Transactive Energy Rate (TER) Pilot Program

NHEC’s hourly Transactive Energy Rate (TER) pilot program is an innovative way to maximize the value of your investment in technology like Electric Vehicle (EV) charging, standalone batteries, and more. The TER is an hourly electricity rate that is published each day for the following day, so you can plan your energy use to take advantage of hourly variations in the price of power.

When you enroll an eligible device in TER, you’ll pay, or be paid for, the power your registered device uses or exports to the electric grid.  By shifting more of your energy consumption to lower-priced hours, or producing energy during high-priced hours, you can save money and receive credits from NHEC. The TER rates do not apply to your regular household usage, just the devices that you have registered in the TER program.

With access to day-ahead Hourly Pricing information, you or a third party aggregator can plan the best times to shift your energy use. With NHEC’s transactive rates, individual bills and savings vary month to month based on weather, market conditions and your energy usage habits.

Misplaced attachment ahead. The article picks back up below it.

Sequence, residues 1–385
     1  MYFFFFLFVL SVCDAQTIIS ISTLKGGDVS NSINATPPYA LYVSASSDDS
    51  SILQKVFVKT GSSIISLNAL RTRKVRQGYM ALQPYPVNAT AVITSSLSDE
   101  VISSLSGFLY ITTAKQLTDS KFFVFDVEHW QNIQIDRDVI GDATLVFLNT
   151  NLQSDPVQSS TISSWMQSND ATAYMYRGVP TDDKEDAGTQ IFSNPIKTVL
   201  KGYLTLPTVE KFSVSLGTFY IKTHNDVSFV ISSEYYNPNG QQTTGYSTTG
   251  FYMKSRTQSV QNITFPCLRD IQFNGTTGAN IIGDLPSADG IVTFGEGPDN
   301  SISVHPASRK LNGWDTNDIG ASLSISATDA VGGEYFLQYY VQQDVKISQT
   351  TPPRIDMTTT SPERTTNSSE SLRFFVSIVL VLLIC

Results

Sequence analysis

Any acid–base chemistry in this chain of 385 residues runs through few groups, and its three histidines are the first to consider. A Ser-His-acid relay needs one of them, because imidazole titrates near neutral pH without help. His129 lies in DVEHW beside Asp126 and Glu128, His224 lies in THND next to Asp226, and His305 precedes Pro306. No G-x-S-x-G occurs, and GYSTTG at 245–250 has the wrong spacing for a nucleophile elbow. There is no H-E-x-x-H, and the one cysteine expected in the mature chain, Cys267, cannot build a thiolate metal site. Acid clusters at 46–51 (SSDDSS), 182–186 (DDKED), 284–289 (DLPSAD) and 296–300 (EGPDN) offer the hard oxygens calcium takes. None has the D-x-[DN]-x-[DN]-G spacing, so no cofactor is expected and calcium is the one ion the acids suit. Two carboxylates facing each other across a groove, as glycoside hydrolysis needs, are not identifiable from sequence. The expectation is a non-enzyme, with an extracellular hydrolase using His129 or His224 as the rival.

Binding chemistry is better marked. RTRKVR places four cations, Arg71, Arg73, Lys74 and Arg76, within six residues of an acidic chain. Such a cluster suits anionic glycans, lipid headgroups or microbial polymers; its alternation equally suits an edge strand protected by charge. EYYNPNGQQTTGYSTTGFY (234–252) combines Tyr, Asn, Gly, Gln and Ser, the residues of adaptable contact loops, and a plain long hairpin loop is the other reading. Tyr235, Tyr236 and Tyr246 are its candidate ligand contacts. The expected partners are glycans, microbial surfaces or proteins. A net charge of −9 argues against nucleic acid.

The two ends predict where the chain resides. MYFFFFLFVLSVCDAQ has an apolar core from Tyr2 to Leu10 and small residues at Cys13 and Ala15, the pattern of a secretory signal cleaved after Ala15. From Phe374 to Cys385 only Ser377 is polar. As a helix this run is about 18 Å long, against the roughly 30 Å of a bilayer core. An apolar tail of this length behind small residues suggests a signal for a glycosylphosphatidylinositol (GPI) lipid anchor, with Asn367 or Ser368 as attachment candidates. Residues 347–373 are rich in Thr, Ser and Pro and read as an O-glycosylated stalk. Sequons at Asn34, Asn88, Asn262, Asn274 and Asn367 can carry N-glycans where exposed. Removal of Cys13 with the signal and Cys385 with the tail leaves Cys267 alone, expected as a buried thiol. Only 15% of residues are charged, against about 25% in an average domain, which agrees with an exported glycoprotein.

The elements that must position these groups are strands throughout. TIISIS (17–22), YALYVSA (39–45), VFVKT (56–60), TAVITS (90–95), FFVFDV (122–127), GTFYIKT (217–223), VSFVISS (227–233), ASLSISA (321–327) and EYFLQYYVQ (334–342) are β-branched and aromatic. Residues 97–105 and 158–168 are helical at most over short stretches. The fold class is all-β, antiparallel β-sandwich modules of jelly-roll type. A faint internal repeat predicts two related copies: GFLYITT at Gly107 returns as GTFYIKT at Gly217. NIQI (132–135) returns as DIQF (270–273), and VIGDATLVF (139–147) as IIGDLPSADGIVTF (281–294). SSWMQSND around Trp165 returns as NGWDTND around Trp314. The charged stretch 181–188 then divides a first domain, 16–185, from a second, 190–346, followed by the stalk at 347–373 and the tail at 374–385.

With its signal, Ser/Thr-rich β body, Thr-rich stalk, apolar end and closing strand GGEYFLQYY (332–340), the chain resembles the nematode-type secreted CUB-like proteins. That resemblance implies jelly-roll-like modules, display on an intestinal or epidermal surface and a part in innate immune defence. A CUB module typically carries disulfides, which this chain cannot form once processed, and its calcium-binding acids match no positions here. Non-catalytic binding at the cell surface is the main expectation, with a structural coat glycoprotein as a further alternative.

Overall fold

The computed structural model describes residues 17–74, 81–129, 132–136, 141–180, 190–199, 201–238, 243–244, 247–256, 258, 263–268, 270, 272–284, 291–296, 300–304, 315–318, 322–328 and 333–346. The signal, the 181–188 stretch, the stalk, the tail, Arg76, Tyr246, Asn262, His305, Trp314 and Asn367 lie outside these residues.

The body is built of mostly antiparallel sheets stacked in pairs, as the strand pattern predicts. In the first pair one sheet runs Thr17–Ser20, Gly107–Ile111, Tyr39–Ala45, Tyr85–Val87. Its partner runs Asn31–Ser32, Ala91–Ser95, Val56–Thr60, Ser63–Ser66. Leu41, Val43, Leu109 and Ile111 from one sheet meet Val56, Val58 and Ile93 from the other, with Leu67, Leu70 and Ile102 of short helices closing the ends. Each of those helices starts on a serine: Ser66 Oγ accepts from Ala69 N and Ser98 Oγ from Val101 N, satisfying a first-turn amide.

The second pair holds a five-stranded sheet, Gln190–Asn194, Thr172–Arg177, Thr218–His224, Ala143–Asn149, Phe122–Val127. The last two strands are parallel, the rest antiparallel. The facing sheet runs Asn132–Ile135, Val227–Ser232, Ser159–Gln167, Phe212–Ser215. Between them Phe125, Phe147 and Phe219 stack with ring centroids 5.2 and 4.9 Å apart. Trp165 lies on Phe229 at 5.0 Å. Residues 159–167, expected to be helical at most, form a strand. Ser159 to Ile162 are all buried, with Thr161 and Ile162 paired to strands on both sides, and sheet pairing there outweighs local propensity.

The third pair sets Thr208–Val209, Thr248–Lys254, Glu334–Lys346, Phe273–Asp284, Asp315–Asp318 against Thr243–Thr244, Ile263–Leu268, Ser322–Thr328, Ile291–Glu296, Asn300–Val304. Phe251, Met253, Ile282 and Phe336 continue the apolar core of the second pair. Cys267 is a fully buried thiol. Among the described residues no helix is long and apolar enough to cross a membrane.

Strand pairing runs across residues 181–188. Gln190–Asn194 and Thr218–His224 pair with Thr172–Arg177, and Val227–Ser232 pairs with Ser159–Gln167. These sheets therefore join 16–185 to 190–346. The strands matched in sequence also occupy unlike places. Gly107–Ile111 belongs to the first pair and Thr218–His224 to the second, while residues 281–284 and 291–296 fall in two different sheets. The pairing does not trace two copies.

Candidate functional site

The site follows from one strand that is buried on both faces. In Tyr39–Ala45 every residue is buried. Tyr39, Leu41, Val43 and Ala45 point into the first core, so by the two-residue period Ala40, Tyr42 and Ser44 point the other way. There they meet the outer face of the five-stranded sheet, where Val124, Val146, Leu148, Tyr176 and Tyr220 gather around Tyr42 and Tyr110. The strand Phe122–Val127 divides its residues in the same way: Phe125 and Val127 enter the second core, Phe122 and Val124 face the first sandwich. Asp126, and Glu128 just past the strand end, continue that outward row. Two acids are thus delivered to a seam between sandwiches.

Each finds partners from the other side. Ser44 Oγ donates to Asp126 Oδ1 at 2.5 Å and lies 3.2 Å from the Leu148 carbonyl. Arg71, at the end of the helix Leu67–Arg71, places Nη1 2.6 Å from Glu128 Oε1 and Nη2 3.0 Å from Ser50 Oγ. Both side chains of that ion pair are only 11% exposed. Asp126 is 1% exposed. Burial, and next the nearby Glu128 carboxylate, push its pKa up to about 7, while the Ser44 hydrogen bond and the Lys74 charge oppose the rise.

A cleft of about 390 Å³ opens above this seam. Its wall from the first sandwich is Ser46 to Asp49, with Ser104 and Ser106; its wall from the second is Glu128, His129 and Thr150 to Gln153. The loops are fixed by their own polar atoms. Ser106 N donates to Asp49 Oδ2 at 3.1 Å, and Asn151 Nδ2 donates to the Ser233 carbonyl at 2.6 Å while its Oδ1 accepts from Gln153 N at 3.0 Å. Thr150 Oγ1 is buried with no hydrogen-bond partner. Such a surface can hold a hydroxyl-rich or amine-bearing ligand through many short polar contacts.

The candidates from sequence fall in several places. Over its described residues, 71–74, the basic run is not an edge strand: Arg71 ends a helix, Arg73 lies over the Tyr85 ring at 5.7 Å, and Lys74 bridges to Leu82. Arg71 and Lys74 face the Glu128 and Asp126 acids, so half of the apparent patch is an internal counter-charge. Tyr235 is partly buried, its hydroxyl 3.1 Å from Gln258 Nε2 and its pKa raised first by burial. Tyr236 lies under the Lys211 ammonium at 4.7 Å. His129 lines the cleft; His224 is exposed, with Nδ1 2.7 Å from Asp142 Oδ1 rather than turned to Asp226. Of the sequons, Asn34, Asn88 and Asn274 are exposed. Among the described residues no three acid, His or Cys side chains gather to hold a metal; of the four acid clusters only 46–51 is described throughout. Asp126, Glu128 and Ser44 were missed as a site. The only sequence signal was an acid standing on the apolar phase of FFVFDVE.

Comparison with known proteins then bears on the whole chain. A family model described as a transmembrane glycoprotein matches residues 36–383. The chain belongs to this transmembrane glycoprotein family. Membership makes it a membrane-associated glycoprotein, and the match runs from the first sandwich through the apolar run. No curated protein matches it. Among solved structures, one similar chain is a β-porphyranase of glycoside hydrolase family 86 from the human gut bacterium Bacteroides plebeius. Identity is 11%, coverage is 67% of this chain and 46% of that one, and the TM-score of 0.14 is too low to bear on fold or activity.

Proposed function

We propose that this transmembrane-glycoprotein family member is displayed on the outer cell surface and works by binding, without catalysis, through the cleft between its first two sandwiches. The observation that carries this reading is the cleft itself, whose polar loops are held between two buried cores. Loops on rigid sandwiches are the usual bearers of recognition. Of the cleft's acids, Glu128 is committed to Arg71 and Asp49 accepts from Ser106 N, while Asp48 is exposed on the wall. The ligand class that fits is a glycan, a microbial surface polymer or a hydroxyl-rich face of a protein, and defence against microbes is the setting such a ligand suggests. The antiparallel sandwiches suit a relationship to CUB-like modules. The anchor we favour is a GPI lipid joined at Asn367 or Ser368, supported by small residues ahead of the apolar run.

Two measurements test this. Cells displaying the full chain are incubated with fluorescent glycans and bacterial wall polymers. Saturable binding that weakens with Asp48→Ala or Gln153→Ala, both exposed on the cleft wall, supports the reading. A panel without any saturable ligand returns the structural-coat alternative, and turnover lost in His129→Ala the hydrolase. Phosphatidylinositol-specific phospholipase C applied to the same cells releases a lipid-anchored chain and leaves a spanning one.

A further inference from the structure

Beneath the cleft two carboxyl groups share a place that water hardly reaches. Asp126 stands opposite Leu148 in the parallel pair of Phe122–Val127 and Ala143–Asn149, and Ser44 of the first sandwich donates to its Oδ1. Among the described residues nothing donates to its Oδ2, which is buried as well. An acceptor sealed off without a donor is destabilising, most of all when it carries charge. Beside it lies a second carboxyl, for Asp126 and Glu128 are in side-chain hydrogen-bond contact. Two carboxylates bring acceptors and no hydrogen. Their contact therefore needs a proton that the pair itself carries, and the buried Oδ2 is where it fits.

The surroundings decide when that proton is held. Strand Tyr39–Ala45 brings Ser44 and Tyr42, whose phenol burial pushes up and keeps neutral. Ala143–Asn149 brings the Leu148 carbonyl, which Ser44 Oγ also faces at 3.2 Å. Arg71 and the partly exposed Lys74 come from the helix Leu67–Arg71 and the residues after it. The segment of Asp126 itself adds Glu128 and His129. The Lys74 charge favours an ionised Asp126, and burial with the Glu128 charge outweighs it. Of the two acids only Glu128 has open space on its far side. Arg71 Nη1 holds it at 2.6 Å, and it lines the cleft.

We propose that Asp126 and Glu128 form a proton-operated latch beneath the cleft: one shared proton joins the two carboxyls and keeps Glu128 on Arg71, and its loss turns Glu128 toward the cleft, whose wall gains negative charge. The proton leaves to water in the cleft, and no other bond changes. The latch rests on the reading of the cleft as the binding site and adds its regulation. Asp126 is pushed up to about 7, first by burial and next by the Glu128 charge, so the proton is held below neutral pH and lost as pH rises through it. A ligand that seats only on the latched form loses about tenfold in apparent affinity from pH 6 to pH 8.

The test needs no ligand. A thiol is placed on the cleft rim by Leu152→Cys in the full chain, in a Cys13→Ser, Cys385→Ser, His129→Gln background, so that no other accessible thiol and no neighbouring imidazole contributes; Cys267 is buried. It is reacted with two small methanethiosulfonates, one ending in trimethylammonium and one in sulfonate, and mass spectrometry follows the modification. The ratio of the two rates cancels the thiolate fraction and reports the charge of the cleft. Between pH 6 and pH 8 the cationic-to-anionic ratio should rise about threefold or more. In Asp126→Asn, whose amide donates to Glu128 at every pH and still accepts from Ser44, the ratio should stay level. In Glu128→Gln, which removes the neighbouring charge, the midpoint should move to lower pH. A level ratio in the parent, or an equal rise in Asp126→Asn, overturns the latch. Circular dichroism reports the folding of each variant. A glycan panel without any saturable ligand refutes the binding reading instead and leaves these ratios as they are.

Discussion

Please note the TER pilot program is no longer accepting new applications. Thank you.


                                                          QUESTIONS? EMAIL US AT: SOLUTIONS@NHEC.COM.

How it Works

Managing Costs with Hourly Pricing

Although most NHEC members pay a flat rate for power, no matter when it’s used, the actual price of electricity varies hourly in New England based on a number of factors that drive demand for power, including the weather, the time of day and the day of the week. Electricity prices tend to be higher during weekdays and lower on weekends, for instance. Demand and price patterns also vary by season. By keeping these patterns in mind, and with day-ahead pricing information from NHEC, you can wisely manage the energy your device uses or exports.

Factors that Impact Hourly Prices

• The weather can impact the real-time price of electricity, particularly during the summer when air conditioner use drives up demand for energy.

 • Prices can sometimes increase in the spring or fall if a heat wave occurs when some power plants are shut down for maintenance.

• During the winter, electricity prices can increase when there is a sudden and significant temperature drop or when extended cold snaps push up natural gas prices.

• There can also be unexpected and brief price spikes if multiple power plants have technical or mechanical problems at the same time

Understanding My Bill